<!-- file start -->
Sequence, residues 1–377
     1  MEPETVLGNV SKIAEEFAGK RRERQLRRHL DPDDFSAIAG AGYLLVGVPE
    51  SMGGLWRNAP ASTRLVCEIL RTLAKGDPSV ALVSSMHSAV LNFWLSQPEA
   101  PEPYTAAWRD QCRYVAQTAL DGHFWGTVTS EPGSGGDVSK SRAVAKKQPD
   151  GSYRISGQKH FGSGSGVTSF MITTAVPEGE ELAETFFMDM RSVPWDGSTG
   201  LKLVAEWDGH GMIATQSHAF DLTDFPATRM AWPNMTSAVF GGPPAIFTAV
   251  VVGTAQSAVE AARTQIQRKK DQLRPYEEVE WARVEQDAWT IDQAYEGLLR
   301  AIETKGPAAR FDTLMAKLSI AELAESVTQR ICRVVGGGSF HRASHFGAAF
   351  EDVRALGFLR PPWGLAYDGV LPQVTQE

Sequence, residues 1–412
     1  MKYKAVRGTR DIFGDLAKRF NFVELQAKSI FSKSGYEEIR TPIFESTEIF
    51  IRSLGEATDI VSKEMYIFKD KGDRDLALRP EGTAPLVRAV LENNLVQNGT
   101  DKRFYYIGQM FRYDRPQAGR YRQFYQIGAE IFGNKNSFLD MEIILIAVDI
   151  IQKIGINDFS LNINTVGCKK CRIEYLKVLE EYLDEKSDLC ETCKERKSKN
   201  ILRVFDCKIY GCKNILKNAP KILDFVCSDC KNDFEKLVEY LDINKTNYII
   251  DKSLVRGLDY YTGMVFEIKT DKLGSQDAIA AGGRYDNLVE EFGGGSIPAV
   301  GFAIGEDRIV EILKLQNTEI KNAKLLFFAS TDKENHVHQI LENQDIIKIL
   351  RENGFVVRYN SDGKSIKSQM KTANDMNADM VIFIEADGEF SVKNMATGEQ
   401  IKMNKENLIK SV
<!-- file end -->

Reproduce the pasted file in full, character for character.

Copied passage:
Sequence, residues 1–377
     1  MEPETVLGNV SKIAEEFAGK RRERQLRRHL DPDDFSAIAG AGYLLVGVPE
    51  SMGGLWRNAP ASTRLVCEIL RTLAKGDPSV ALVSSMHSAV LNFWLSQPEA
   101  PEPYTAAWRD QCRYVAQTAL DGHFWGTVTS EPGSGGDVSK SRAVAKKQPD
   151  GSYRISGQKH FGSGSGVTSF MITTAVPEGE ELAETFFMDM RSVPWDGSTG
   201  LKLVAEWDGH GMIATQSHAF DLTDFPATRM AWPNMTSAVF GGPPAIFTAV
   251  VVGTAQSAVE AARTQIQRKK DQLRPYEEVE WARVEQDAWT IDQAYEGLLR
   301  AIETKGPAAR FDTLMAKLSI AELAESVTQR ICRVVGGGSF HRASHFGAAF
   351  EDVRALGFLR PPWGLAYDGV LPQVTQE

Sequence, residues 1–412
     1  MKYKAVRGTR DIFGDLAKRF NFVELQAKSI FSKSGYEEIR TPIFESTEIF
    51  IRSLGEATDI VSKEMYIFKD KGDRDLALRP EGTAPLVRAV LENNLVQNGT
   101  DKRFYYIGQM FRYDRPQAGR YRQFYQIGAE IFGNKNSFLD MEIILIAVDI
   151  IQKIGINDFS LNINTVGCKK CRIEYLKVLE EYLDEKSDLC ETCKERKSKN
   201  ILRVFDCKIY GCKNILKNAP KILDFVCSDC KNDFEKLVEY LDINKTNYII
   251  DKSLVRGLDY YTGMVFEIKT DKLGSQDAIA AGGRYDNLVE EFGGGSIPAV
   301  GFAIGEDRIV EILKLQNTEI KNAKLLFFAS TDKENHVHQI LENQDIIKIL
   351  RENGFVVRYN SDGKSIKSQM KTANDMNADM VIFIEADGEF SVKNMATGEQ
   401  IKMNKENLIK SV